Husband of slain woman forgives New Zealand mosque gunman

Farid Ahmed, above, said his wife was busy saving people during the attack. (AFP)
Updated 18 March 2019
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Husband of slain woman forgives New Zealand mosque gunman

  • The husband says forgiveness is the best thing, among others
  • His wife was helping women and children exit from their designated hall

CHRISTCHURCH, New Zealand: Farid Ahmad loved his wife — and he loves and forgives the terrorist who killed her.

“The best thing is forgiveness, generosity, loving and caring, positivity,” said Farid, 59, confined to a wheelchair since a car accident in 1998.

His wife Husna, 44, was one of 50 people killed in Friday’s terrorist attack at Al-Noor mosque and Linwood Islamic Center in Christchurch, New Zealand. Brenton Tarrant, 28, an Australian white supremacist, has been charged with murder.

Ahmad says that if he could speak to Tarrant: “I would tell him that inside him he has great potential to be a generous person, to be a kind person, to be a person who would save people rather than destroy them.

“I want him to look for that positive attitude, and I hope and I pray for him, that he will be a great civilian one day. I don’t have any grudge.”

Ahmad and his wife moved to New Zealand from Bangladesh in 1990, and they have one daughter.

When the gunman opened fire at Al-Noor mosque, Husna helped people escape from the women’s and children’s hall. “She was screaming ‘Come this way, hurry up,’ and she took many children and ladies toward a safe garden,” Ahmad said.

“Then she was coming back to check on me, because I was in a wheelchair, and as she was approaching the gate she was shot. She was busy saving lives, forgetting about herself.”

As massive piles of flowers were laid near the mosques on Sunday and crowds of people of all faiths gathered to pay respects, more stories emerged of courage and grief.

Friends mourned Atta Elayyan, 33, originally from Kuwait, the goalkeeper for New Zealand’s futsal team. Ghassan Alaraji, 35, from Iraq, said he had seen footage of Atta trying to stop the gunman.

“That was my friend Atta,” he said. “He was trying to help and protect others from being shot. He was very, very brave.”

New Zealand Football chief executive Andrew Pragnell said: “My heart goes out to the futsal community. They are a very tight-knit group and Atta’s death will be devastating for all involved in the game. We feel their pain and their grief.”

Abdul Aziz, 48, from Afghanistan, confronted the gunman at the Linwood center and picked up a shotgun that he had dropped. “I chased him,” Aziz said. “He sat in his car and with the shotgun in my hands, I threw it through his window like an arrow. He just swore at me and took off.”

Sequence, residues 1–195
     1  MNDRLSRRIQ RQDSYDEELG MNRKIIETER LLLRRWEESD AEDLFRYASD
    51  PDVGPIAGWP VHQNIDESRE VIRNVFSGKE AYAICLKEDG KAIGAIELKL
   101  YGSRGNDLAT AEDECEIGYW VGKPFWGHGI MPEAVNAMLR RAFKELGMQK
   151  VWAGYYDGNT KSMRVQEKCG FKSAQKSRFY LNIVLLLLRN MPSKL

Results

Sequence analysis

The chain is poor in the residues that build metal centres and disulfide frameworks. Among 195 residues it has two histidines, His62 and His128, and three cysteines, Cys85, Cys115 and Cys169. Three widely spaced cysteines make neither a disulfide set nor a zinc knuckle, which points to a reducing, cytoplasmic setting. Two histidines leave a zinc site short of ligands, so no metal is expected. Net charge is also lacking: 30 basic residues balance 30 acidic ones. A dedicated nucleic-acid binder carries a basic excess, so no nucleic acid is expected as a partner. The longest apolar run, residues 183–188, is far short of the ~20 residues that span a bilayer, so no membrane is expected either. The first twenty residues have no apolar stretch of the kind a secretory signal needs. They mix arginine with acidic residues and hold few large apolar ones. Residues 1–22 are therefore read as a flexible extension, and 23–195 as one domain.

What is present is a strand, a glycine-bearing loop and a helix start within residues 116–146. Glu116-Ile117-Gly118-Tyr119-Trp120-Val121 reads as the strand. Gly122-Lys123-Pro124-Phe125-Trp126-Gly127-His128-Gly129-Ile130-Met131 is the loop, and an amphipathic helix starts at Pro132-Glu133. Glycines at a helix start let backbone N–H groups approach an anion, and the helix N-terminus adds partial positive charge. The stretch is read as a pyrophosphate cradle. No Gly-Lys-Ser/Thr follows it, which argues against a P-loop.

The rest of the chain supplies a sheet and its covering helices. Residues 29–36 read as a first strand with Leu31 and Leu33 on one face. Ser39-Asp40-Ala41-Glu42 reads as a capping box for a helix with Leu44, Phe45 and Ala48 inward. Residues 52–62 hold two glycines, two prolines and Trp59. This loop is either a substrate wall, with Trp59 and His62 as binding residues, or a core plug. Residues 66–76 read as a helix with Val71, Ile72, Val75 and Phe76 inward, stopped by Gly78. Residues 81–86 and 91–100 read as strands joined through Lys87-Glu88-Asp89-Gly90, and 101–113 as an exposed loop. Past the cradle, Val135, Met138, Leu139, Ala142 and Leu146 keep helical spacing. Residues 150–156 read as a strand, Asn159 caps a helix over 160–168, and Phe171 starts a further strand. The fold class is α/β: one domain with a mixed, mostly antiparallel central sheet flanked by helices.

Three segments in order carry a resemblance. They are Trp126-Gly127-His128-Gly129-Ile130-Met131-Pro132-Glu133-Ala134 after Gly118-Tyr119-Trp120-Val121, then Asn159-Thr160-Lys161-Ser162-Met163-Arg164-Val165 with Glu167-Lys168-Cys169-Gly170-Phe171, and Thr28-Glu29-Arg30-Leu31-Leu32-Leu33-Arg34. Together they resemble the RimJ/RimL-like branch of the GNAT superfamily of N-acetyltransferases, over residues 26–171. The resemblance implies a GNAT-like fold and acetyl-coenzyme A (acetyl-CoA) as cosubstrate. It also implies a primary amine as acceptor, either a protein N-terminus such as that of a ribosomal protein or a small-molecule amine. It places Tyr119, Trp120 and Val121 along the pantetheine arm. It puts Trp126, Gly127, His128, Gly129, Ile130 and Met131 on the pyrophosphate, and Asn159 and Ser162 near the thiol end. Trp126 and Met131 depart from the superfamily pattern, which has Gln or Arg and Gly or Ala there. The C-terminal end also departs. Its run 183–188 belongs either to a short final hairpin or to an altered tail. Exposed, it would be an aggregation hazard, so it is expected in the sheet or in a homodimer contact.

Catholic priest stabbed live on TV at Canada's biggest church

Updated 10 min 14 sec ago
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Catholic priest stabbed live on TV at Canada's biggest church

  • The priest was celebrating mass at Montreal’s St. Joseph’s Oratory when a tall man approached and stabbed him
  • Security guards and other churchgoers quickly restrained the suspect and was arrested by police

MONTREAL: A Canadian Catholic priest was stabbed in front of dozens of stunned worshippers as he was celebrating mass Friday morning at Montreal’s St. Joseph’s Oratory.
Montreal police said a 911 call was placed at around 8:40 a.m. local time. When officers arrived at the landmark church, a male suspect was already detained by security guards.
Philip Barrett, who was sitting near the front of the church, said he saw a tall man, who appeared to be a Caucasian in his 30s, rise from a pew and quickly walk to attack Rev. Claude Grou, the Oratory’s rector.
“He walked over behind the altar and he seemed to strike the priest’s body,” Barrett said. “I think the priest fell down at that time. I do remember the priest was moving away from the man but it happened so quickly there was almost no time to react.”
The service was live-streamed on a Catholic channel. Video shows a tall man in a dark jacket and white baseball cap rounding the altar and charging at Grou as he thrusts his right arm toward the priest. Grou runs backward a few steps before the assailant pushes him into a banner.
As screams are heard in the background, a group of people run forward, surrounding and blocking the suspect.

Barrett said people quickly restrained the suspect, who did not struggle. He said the suspect didn’t speak or call out during the attack.
There was no other information immediately available about why the priest may have been attacked.
Police spokeswoman Caroline Chevrefils says the victim suffered minor injuries to his upper body and was taken to the hospital.
The suspect was to be questioned by police Friday morning.
Barrett said Grou crumpled to the ground after the attack, but he appeared to be conscious and alert about 15 minutes later when paramedics wheeled him to an ambulance.
He said members of the congregation immediately began praying.
“We’re reassured, because when he left the oratory he was conscious and could talk, which we see as a good sign,” said Celine Barbeau, a spokeswoman for the church.
St. Joseph’s Oratory is among Canada’s largest churches, and pilgrims from all over the world are drawn to its domed roof and stunning architecture.
Barrett said that he, like the rest of the roughly 60 people present, was shocked that an attack would happen in a place he has come to see as a haven.
“I really find it’s a welcoming place,” he said. “I just hope that as a result of this, I mean, I can imagine they’re going to need more security, but I hope they can still keep that welcoming spirit.”